The amount of racial hatred parated by Whiteness™ on-line has attracted condemnation from the least likely of quarters in society.
In what can only be labelled as an unprecedented move, South African rappers have come all-out, guns ablaze, to offer hottakes against ‘this utterly harmful scourge’, as one publicist put it.
Hair dyed blonde in celebration of his idol Frank Ocean’s sophomore album turning two years old, leading alcohol peddlar, auto-tune expert and part-time rapper AKA was unflinching in his stance.
“Nothing is going to kill this racism thingiemabob faster than interracial sex,” said the artist renowned for his frequent outbursts targeted at everyone from admiring fans to festival organizers.
AKA went on to detail his first-hand experiences with being racially profiled, and how his culturally diverse groin was helpful in deading that shit during that testing period as one of the them at a Saint’s something school that is currently embattled in a case involving swimming practice, a white man, and paedophilia.
“Racism is wack my boi, end of” he said in-between deep drags from a pale-looking ciggie while on a break during the videoshoot of his latest hit song “Fela in Versace.”
“How I see it, this joint is ultimately about promoting racial harmony. Fela Gucci, as everyone will know, is a liberator and black Afrikanist. Versace, on the other hand, is white. Or Italian, not really sure. But peep game, my manz Gucc’ be rockin that, ya feel me?! What does it tell you,” he charged at no one in particular.
He then took another drag, dramatically threw the ciggie away, and jetted off while this lowly scribe scrambled for a pen to jot down notes.
“I ain’t got the answers,” he mumbled while getting in character for the next scene.
A usually reserved Nasty C broke his silence during a rare interview at a high-end New York radio station famous for giving extensive interviews that have in the past sought to humanize rapists and woman haters.
“I never experienced racism. Me, personally,” he paused; “nah,” he spurted.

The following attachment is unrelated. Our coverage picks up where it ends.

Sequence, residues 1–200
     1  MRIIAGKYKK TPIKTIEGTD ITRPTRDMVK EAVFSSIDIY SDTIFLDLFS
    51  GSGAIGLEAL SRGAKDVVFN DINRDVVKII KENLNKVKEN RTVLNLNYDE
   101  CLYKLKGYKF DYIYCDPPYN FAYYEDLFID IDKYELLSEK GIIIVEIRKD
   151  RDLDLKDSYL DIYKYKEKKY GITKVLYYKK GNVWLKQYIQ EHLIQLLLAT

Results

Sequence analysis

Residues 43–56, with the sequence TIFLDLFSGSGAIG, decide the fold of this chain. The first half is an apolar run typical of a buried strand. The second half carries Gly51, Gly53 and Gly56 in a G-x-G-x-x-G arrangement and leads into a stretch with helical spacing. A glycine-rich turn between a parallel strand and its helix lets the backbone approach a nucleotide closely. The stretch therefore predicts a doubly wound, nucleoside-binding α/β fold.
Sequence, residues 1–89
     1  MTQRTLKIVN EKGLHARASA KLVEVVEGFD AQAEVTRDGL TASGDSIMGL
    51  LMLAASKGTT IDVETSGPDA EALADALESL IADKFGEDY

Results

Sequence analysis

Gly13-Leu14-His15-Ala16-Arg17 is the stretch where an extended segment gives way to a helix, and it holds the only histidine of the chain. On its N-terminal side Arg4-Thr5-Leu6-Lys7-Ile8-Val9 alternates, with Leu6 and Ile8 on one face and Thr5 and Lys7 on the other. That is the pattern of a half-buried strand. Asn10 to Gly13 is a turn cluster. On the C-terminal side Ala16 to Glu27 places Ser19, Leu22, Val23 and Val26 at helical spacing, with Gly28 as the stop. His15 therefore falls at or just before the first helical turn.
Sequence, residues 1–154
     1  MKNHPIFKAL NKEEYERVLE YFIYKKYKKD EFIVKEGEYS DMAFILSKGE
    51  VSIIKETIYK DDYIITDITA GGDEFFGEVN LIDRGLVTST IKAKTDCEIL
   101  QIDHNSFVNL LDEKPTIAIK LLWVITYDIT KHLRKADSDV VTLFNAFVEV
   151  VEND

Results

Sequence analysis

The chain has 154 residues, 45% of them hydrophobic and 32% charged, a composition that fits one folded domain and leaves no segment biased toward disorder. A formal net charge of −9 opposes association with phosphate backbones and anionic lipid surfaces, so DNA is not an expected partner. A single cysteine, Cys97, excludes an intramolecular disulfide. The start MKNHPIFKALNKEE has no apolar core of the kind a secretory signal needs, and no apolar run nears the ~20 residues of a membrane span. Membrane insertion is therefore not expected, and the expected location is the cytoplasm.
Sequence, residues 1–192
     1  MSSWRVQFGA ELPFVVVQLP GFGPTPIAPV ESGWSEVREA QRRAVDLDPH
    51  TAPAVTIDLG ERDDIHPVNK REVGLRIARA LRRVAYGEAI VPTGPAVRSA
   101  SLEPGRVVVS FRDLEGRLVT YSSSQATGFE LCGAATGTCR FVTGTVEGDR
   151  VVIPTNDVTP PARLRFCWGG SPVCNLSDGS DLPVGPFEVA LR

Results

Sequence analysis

He went on to embarrass himself: “I went to a mixed race school y’nahmsayin’?! Very open-minded individuals. The best kind. We don’t give a fuck about colour fam, Tata’s Rainbow Nation lives. Amandla!”
Writer Sabelo Mkhabela’s considered and informed rebuttal on the colonist enclave Okayafrica followed.
However, the “Hell Naw” hitmaker ignored the words of wisdom, seemingly, and has instead offered an alternative framing – or is it ‘expanding the thought’ – on his new album entitled Strings and Bling.
“My white friends let me touch their sisters, I ain’t got no time to be racist,” he spits on one song.
The mic was reported to have malfunctioned immediately after he rapped that line, though there’s no Instagram story to verify the claim.
Not to be outdone, the self-proclaimed humblest man alive Cassper Nyovest responded to questions via his chief of communications.
“Just listen to my verse on Ngud bra ya ka. I’m overseas right now. I actually missed a photo-op with Chris. My new album’s coming fine but eish, ke stresse mei broer,” came the rather confusing response.
Meanwhile, the courts postponed his on-going case with Jozi-based prince of High Fashion Didi Monster to December, after the rapper’s appearance at the dubiously organised Global Citizen concert.
His own #FillUp performance is embroiled in controversy, with the eThekwini municipality denying knowledge of its existence.
The president of the ruling party, of which AKA is a known and faithful supporter, promised to launch a full inquiry into this latest ‘allegations’ about unprovoked, increasingly racial retorts leaking their undesirable content on-line.
Stay tuned for developments on this story and others.